The Utah Code provides for the parents to share major holidays with the children in divorce cases.
These major holidays include: the child’s birthday, Martin Luther King Jr., spring break, Memorial Day, July 4th, Labor Day, Columbus Day, the fall school break, Halloween, Veteran’s Day, Thanksgiving, and the Christmas break.
In addition to these major holidays, “holidays” include any snow days, teacher development days, or days in which school is not scheduled and which are contiguous to the holiday period.
I love the fact that there are “snow days” in Utah – the more the merrier, I say, especially since we live in the state with the greatest snow on earth – we might as well celebrate it. It does spark a little jealousy in me, however, to realize that there are times when school is canceled due to snow for these new kids coming up. Why, when I was a kid, if memory serves, we walked to and from school in at least two feet of snow, uphill both ways. But I digress.
Father’s Day is spent with the natural or adoptive father from 9 a.m. to 7 p.m. on the holiday.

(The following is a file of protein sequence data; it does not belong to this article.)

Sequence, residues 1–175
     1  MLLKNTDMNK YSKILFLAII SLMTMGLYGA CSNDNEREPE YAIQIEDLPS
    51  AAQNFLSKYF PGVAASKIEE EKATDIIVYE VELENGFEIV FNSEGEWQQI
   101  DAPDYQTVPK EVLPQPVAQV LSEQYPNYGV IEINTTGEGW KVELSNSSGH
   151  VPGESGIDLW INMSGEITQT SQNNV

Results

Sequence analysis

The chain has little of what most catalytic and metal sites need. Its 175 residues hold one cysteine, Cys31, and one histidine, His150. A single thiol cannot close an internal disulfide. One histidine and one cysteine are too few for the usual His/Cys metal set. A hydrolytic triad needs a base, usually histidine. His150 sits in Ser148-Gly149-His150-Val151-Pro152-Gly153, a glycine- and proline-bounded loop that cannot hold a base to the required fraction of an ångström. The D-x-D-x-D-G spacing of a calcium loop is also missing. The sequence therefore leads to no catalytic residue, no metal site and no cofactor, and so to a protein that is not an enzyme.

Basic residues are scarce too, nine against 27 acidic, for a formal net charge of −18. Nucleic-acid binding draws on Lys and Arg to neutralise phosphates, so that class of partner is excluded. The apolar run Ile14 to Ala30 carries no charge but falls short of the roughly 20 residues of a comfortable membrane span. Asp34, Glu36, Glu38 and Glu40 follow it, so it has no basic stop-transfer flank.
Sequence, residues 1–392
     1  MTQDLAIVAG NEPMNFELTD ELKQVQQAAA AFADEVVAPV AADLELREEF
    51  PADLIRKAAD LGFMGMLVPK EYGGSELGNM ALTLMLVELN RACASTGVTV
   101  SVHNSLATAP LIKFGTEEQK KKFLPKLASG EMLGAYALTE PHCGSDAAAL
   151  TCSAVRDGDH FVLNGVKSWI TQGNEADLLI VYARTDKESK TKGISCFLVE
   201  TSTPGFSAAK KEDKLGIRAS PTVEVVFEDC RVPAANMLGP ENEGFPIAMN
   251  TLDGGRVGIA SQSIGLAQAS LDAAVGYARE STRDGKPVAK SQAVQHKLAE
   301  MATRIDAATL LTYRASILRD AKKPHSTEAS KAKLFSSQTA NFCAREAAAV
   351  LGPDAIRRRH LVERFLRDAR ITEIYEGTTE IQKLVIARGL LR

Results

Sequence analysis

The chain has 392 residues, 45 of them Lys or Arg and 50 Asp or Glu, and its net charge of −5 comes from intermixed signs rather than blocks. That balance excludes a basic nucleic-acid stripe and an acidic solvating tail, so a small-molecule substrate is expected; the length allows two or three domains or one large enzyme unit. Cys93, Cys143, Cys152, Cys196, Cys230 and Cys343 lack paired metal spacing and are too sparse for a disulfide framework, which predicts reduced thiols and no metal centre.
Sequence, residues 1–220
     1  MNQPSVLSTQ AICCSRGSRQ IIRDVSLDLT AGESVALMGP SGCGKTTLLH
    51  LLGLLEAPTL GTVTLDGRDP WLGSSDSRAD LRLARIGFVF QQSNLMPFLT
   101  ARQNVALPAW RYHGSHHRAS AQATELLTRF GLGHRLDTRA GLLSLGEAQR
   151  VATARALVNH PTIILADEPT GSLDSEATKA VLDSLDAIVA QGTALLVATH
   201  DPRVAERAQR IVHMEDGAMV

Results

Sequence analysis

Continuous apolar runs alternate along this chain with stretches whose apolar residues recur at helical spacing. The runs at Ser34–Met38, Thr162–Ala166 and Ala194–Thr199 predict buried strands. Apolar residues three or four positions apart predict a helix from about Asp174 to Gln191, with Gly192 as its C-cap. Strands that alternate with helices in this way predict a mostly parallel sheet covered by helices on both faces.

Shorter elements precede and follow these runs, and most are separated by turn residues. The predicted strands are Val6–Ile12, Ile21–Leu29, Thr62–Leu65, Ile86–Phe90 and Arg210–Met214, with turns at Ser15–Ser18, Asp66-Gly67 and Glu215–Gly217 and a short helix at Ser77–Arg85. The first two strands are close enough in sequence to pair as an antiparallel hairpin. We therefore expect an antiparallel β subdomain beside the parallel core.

Mother’s Day is spent with the natural or adoptive mother from 9 a.m. to 7 p.m. on the holiday.
Holidays take precedence over weekend parent-time, and changes may not be made to the regular rotation of the alternating weekend parent-time schedule. Birthdays take precedence over holidays and extended parent-time. However, birthdays do not take precedence over uninterrupted parent-time if the parent exercising the uninterrupted parent-time takes the child away from that parent’s residence for the uninterrupted parent-time.
It will be remembered by anyone who has read my post from July 3rd, 2014 (and there has to be one of two out there, I would hope), that each parent gets a period of two weeks’ uninterrupted parent-time in the summer, presumably so they can take a vacation with the children if they want to.
The holiday parent-time schedule is set forth at Utah Code Section 30-3-35 (2) (c) through (k).
I will post more on holiday parent-time in the future.
This material should not be construed as legal advice for any particular fact situation, but is intended for general informational purposes only. For advice specific to any individual situation, an experienced attorney should be contacted.